What Happens if a Car Accident Defendant is Uninsured or Underinsured

Motorists in Illinois must have liability insurance to compensate victims of motor vehicle negligence. The minimum liability policy limits run at $25,000 per person and $50,000 per occurrence, or accident. Those who disobey the mandatory insurance law face fines of at least $500.

In 2019, approximately one out of every 12 drivers in Illinois drove without insurance. Even those with liability insurance might not fully compensate you for severe injuries that a wreck can bring. According to the Illinois Department of Transportation, over a fifth of crashes in 2020 resulted in injuries, and over 13 percent of those caused their victims to have severe lacerations, fractured arms, legs, or other limbs, and injuries to the chest, abdominal regions, or skull.

When hiring a car accident attorney, consider that professional’s knowledge, experience, and ability in dealing with automobile insurance – especially when the other driver’s insurance does not adequately compensate you. Personal injury lawyers turn to uninsured and underinsured motorist insurance to help pay your claims in an automobile wreck.


What are uninsured and underinsured insurance?

Uninsured and underinsured motorist insurance pays damages to the extent the at-fault driver lacks insurance or enough to pay. By virtue of Illinois law, you automatically have uninsured and underinsured coverage with your automobile insurance. The minimum limits are the same as with liability coverage for personal injuries – $25,000 per person and $50,000 per accident.

Suppose your lost wages, medical expenses, and other damages total $80,000. If the defendant did not have liability insurance, your uninsured coverage would pay the full $80,000. If that driver bought the required minimum of $25,000 per person and the liability carrier offers its limit, underinsured coverage foots $55,000 of the damages.

Uninsured and underinsured pay those damages for which the at-fault driver would have liability. As with a claim against the defendant’s liability insurance, you must prove the other driver acted negligently and that the carelessness caused your injuries. The proof can come from sources such as:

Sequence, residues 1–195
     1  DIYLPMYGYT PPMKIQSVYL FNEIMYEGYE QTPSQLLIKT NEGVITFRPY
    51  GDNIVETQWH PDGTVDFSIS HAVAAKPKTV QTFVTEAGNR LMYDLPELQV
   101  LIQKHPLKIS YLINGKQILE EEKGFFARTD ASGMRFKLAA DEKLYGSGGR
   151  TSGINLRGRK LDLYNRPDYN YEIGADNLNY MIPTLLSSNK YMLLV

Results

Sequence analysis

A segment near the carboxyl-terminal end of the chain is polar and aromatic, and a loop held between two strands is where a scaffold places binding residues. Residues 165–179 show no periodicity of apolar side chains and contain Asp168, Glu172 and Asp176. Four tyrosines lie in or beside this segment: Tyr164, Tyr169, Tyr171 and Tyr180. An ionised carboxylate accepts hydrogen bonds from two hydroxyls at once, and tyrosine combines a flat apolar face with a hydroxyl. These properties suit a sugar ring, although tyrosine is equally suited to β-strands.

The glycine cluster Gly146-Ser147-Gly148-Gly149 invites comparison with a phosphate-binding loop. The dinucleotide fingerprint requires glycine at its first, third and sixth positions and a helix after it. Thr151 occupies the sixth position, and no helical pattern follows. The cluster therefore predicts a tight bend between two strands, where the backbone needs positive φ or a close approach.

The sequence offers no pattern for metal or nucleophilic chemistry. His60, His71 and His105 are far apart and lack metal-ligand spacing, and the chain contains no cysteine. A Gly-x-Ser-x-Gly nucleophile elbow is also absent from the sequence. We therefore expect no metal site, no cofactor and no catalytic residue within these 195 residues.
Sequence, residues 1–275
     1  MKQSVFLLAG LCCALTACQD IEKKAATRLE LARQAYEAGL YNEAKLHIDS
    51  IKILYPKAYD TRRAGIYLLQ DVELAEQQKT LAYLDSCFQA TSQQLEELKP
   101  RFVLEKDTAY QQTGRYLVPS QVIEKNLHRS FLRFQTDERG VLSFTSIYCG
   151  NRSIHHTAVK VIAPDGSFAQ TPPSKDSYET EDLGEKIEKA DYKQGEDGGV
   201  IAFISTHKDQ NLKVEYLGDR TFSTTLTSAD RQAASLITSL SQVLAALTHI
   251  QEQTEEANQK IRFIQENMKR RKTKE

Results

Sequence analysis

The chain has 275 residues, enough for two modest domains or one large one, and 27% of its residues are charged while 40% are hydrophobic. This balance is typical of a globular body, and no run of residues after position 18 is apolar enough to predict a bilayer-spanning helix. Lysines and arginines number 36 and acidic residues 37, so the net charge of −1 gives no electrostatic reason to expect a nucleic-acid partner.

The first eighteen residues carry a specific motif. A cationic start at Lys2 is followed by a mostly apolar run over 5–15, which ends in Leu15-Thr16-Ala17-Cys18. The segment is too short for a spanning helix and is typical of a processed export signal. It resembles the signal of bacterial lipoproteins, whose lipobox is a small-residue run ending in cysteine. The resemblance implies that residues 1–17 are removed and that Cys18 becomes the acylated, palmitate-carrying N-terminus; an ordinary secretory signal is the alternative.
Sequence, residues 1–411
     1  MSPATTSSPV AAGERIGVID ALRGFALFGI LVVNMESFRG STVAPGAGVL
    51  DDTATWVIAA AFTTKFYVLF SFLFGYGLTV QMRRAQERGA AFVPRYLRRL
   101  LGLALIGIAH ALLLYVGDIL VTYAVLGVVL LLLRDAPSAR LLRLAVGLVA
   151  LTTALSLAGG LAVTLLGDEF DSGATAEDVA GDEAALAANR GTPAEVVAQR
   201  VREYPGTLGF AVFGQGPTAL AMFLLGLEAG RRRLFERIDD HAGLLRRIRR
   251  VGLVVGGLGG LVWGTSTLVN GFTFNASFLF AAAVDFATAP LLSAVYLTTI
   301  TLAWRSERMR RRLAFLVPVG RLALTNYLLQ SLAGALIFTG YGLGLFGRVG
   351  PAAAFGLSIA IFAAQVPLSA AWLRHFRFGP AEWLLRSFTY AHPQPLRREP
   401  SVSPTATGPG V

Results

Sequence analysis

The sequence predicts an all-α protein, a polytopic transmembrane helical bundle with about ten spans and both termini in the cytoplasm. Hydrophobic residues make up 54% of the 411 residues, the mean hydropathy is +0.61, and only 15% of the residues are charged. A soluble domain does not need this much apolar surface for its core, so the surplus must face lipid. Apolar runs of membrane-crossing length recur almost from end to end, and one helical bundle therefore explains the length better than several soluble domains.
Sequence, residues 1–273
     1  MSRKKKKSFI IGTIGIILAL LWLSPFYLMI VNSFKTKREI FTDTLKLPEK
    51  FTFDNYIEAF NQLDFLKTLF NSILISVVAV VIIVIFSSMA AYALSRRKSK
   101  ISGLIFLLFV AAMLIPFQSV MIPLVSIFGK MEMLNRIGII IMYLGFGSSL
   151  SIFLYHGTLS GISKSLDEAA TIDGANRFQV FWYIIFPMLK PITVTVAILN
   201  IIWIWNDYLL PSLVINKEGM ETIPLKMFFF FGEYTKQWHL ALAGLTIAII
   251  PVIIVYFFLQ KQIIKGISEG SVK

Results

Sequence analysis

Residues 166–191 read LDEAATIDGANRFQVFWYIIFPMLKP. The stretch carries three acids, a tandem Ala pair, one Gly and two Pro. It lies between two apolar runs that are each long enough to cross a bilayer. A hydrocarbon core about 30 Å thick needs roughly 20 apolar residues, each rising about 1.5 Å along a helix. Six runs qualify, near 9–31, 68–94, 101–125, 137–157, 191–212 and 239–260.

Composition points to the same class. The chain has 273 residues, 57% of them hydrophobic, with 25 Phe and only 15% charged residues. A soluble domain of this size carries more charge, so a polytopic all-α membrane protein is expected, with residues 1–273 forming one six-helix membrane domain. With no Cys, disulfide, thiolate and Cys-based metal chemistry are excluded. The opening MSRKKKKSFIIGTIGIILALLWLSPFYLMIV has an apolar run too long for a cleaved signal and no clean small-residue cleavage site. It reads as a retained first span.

*Police reports

*Witness statements and accounts

*Footage from nearby security cameras

*Photographs and videos of vehicles after the crash

*Medical records


Can you combine uninsured and underinsured coverage?

By “stacking” policies, your lawyer seeks to combine the uninsured or underinsured policy limits from each of the vehicles included in your automobile insurance policy. If you insure three separate vehicles under a single policy and the limit on each stand at $100,000, stacking affords you a total maximum coverage of $300,000.

Illinois law does not let you stack coverages if your automobile policy says no to it. Attorneys examine the policy provisions to determine if the language clearly prohibits stacking. If an ambiguity exists, Illinois courts may not block you from stacking coverages.

The ability to combine limits enhances your ability to be fairly compensated for injuries that may necessitate multiple surgeries, extensive hospital stays, and continuous therapies. Beyond stacking, underinsured and uninsured motorist coverage afford additional avenues for car accident lawyers to pursue your personal injury claims.